Morocco Can Join Emerging Nations’ Club provided Some Malfunctions are Addressed
Morocco which has already become, thanks to its economic openness policy, an international trade hub can rightfully aspire to join the club of emerging nations but further efforts are needed to address some malfunctions and improve the business environment.
The remarks were made on Wednesday by Morocco’s King Mohammed VI who pointed out that catching up with emerging nations is not an impossible challenge for his country, despite the difficulties and obstacles the task involves.
“It is a fact that to catch up with emerging nations, we have to continue improving the business environment. This can be achieved especially by pressing ahead with administrative and judicial reforms, combatting corruption and moralizing public life, which is not exclusively the State’s responsibility, but that of society as a whole, individuals and associations,” said the king in a speech he delivered on the occasion of a national holiday, marking the Moroccan people’s uprising against the French colonizer in 1953.
Morocco has the potential to rise to the challenge but “needs to take a few more steps to confidently move forward and join emerging nations,” he insisted, stressing, without indulging into self-satisfaction, the progress scored by his country over the last fifteen years in economic and social matters.
He recalled in this vein that over the last 15 years, Morocco “managed to consolidate its democratic process and lay the foundations for a comprehensive, sustainable development model based on a combination of structural projects and sustainable human development.”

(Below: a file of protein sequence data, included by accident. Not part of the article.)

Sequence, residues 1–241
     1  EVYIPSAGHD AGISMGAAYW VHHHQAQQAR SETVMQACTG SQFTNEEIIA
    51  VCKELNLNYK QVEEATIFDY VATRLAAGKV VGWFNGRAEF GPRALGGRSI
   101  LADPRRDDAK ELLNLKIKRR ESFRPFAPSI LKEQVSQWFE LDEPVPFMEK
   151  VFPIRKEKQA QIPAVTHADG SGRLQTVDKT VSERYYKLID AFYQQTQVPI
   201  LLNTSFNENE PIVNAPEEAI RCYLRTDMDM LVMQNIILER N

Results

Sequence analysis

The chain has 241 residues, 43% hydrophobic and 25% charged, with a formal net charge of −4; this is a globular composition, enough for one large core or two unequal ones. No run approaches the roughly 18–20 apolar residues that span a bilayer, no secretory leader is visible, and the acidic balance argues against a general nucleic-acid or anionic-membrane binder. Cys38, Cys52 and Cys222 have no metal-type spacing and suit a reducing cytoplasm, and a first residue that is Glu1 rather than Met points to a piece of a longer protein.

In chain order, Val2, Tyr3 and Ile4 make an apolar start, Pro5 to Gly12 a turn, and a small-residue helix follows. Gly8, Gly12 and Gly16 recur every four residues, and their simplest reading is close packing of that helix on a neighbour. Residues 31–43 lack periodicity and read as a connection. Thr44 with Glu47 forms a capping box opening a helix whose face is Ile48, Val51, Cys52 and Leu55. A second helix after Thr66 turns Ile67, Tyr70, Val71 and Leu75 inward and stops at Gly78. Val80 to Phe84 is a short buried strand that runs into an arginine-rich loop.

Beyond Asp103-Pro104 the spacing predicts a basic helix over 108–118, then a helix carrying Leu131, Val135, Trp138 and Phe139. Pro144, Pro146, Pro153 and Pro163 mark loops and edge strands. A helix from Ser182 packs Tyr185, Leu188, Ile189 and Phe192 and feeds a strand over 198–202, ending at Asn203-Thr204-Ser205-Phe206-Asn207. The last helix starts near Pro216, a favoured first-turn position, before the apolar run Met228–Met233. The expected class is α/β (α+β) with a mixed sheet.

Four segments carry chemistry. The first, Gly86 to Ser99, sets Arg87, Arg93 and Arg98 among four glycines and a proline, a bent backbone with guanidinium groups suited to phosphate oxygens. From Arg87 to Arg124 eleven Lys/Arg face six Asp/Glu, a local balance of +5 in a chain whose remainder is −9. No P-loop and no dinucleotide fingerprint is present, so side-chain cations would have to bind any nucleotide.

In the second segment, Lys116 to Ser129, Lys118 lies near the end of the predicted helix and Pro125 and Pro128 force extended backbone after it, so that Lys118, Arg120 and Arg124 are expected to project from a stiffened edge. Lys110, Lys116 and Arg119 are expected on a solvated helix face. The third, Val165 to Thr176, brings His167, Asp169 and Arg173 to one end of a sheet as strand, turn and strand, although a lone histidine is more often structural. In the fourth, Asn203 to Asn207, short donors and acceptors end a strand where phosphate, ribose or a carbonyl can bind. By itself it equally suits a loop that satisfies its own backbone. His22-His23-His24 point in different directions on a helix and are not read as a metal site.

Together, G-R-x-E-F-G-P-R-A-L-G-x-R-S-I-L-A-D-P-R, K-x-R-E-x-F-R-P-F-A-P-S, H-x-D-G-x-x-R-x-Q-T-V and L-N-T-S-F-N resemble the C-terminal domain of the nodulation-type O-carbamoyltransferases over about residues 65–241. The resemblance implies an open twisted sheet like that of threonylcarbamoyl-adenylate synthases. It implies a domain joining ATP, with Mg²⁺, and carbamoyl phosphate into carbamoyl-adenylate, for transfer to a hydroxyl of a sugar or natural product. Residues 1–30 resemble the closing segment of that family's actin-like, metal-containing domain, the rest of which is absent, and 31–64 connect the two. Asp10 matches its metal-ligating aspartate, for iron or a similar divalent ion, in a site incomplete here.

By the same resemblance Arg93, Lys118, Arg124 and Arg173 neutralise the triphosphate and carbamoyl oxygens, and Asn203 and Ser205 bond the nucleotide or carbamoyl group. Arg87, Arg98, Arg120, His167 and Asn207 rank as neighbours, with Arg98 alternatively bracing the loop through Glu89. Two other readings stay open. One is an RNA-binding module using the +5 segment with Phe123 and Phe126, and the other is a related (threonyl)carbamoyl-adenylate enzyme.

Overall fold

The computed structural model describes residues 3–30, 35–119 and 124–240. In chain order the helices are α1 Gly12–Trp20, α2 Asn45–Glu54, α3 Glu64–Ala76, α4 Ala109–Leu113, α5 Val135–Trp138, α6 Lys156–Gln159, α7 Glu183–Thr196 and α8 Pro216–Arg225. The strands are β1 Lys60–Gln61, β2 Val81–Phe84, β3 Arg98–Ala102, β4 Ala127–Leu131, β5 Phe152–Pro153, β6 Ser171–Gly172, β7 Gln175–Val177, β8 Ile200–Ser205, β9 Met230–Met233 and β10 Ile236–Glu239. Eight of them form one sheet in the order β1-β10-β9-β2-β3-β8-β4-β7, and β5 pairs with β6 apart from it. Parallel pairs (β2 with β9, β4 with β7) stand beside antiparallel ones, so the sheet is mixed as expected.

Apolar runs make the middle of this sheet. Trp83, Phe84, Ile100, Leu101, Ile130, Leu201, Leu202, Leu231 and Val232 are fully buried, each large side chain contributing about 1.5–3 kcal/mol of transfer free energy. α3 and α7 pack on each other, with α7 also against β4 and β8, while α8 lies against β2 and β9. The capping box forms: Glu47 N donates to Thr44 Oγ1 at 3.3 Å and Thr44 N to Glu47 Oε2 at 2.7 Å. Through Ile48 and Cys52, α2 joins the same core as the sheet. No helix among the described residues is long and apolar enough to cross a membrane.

“Our national economy has witnessed profound structural changes, together with large-scale diversification in all areas of production. It has consistently achieved high growth rates and managed to maintain balance, despite the impact of the world economic crisis” he said, underscoring that sectoral strategies have made it possible to achieve tangible results and have a clear vision as to how to reposition the national economy at the regional and international levels.
He warned however that the gains achieved should not be a motive for self-satisfaction, but a strong catalyst for further efforts and continued mobilization. “As a matter of fact, if the Moroccan economy is to emerge, it should rely on its potential and on the joint efforts of all actors, otherwise it is bound to miss a historic opportunity.”
The coming years will be crucial for safeguarding achievements, addressing malfunctions and boosting development and investment, he said, deploring the fact that Morocco is still lagging behind in terms of the competitiveness of the corporate sector, because of a weak, disorganized industrial sector and competition from the informal sector.
In this respect, he urged for setting up strong corporations and businesses to boost the immunity of national economy, enhance international competitiveness and stimulate growth at home through promoting partnerships with small businesses.
King Mohammed VI warned however against some negative impacts of development witnessed in some emerging countries such as widening the gap between social classes and voiced his keenness to see economic development go hand in hand with the improvement of citizens’ living conditions. “I do not want a two-speed system in which the rich reap the benefits of growth, thus becoming richer, while the poor are excluded from the development process, thus getting poorer and suffering more deprivation.”
In the State of the Nation address he made on July 30 on the occasion of the 15th anniversary of his enthronement, the King of Morocco had also called for more social justice so that all Moroccans benefit from their country’s wealth. He had then deplored that social disparities were persisting in his country despite the tremendous progress scored at the level of economic evolution and human development.